Study: Consuming This Kind of Drink is Shortening Your Life

There are many “secrets” to leading a long and healthy life (though they aren’t really secrets). One of them – which I’m sure you’ve heard time and time again – is to limit sugar intake (especially added sugars). One of the best ways to do that is to cut down on sugary, health-hazardous beverages.

According to numerous pieces of research, any sugar-sweetened drink can cut years off of your life, including sports drinks, fruit drinks, and energy drinks. Just because there is a picture of fruit on the label doesn’t mean it’s safe for consumption.

And, as you will see, just because you see the word “diet” on the label, you shouldn’t assume that means “healthier.”

Read: Avoid These Drinks to Help Prevent Brain Shrinkage, Dementia, and Strokes

Findings of a Recent Study

To look for a potential link between sugary drink consumption and early death, researchers analyzed information from more than 80,000 women and 37,000 men in the health profession and followed the participants for about 30 years. Each participant was asked to complete a survey about their diet every 4 years, and they answered questions about their lifestyle and overall health every 2 years.

The more sugary drinks a participant consumed, the greater their risk of death was during the study period.

  • Those who consumed 2-6 sugary drinks per week were 6% more likely to die during the study period, compared to those who drank less than 1 sugary drink per month.
  • People who drank 1-2 sugary beverages per day were 14% more likely to die during the study period, compared to those who drank less than 1 sugar-sweetened drink per month.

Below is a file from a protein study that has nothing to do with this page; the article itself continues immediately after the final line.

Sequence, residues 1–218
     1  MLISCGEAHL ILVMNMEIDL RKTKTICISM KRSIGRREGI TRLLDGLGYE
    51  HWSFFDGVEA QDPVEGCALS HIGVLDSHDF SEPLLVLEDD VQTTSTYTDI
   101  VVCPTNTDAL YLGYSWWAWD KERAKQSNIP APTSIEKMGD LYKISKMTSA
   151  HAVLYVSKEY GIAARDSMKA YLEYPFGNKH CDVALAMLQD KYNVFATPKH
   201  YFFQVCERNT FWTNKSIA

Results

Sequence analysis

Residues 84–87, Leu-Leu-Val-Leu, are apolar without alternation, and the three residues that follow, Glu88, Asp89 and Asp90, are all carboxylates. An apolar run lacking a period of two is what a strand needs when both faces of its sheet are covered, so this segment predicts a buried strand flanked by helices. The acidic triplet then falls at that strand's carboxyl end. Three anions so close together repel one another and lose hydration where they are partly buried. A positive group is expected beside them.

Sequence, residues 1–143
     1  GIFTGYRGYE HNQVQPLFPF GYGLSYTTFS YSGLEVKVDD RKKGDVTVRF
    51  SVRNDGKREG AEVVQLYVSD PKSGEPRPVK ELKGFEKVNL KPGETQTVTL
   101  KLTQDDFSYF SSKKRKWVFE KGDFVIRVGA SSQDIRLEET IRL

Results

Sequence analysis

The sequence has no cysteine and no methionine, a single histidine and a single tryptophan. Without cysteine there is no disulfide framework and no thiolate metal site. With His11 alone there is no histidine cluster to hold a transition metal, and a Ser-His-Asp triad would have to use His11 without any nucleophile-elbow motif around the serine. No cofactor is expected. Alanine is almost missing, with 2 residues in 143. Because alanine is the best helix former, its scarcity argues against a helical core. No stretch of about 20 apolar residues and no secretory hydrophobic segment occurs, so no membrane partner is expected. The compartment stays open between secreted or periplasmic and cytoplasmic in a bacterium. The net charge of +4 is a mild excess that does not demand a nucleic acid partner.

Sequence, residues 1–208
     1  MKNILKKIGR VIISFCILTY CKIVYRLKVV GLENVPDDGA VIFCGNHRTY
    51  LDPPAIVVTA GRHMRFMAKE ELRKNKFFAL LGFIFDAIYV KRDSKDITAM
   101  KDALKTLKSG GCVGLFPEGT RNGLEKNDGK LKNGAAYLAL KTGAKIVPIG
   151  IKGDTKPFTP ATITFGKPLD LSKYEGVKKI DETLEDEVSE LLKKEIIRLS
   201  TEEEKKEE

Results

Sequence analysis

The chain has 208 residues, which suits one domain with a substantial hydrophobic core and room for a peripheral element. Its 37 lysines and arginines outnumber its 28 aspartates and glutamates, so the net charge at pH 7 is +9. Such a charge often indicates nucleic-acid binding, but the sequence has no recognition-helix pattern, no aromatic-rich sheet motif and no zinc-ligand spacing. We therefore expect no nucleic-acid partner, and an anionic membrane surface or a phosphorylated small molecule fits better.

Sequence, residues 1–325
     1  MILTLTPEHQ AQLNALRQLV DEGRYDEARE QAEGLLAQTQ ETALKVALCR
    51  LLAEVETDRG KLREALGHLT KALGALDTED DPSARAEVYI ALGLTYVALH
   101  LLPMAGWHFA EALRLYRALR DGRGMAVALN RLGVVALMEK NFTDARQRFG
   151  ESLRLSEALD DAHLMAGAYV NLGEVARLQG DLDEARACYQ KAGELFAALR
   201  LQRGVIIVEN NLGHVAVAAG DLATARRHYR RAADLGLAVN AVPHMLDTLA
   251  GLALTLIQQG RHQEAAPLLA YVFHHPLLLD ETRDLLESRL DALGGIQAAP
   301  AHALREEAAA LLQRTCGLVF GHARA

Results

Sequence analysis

The findings remained unchanged after researchers accounted for other risk factors for early death and disease, including smoking, alcohol use, physical activity levels, and consumption of fruit and vegetables, and red meat.

In a statement, lead study author Vasanti Malik, a research scientist at the Harvard T.H. Chan School of Public Health’s Department of Nutrition, said:

“Our results provide further support to limit intake of SSBs (sugar-sweetened beverages) and to replace them with other beverages, preferably water, to improve overall health and longevity.”

Strong Link to Heart Disease

In the study, sugary beverage consumption was particularly strongly linked with an increased risk of death from heart disease. Participants who drank 2 or more sugary drinks per day had a 31% higher risk of early death from heart disease, compared to those who imbibed infrequently.

Dr. Walter Willett, study co-author and a professor of epidemiology and nutrition at the same institution, said:

“These findings are consistent with the known adverse effects of high sugar intake on metabolic risk factors; and the strong evidence that drinking sugar-sweetened beverages increased the risk of Type 2 diabetes, itself a major risk factor for early death.”

Read: Soda Consumption Tied to Increased Coronary Heart Disease Risk

Another Main Cause: Cancer

The second main cause of early death in the study was cancer, primarily of the colon and breast. [2]

Another important takeaway from the study was the finding that diet drinks may not necessarily be safer alternatives to sugar-sweetened beverages. Women who consumed 4 or more servings of artificially-sweetened drinks per day had an increased risk of early death. [1]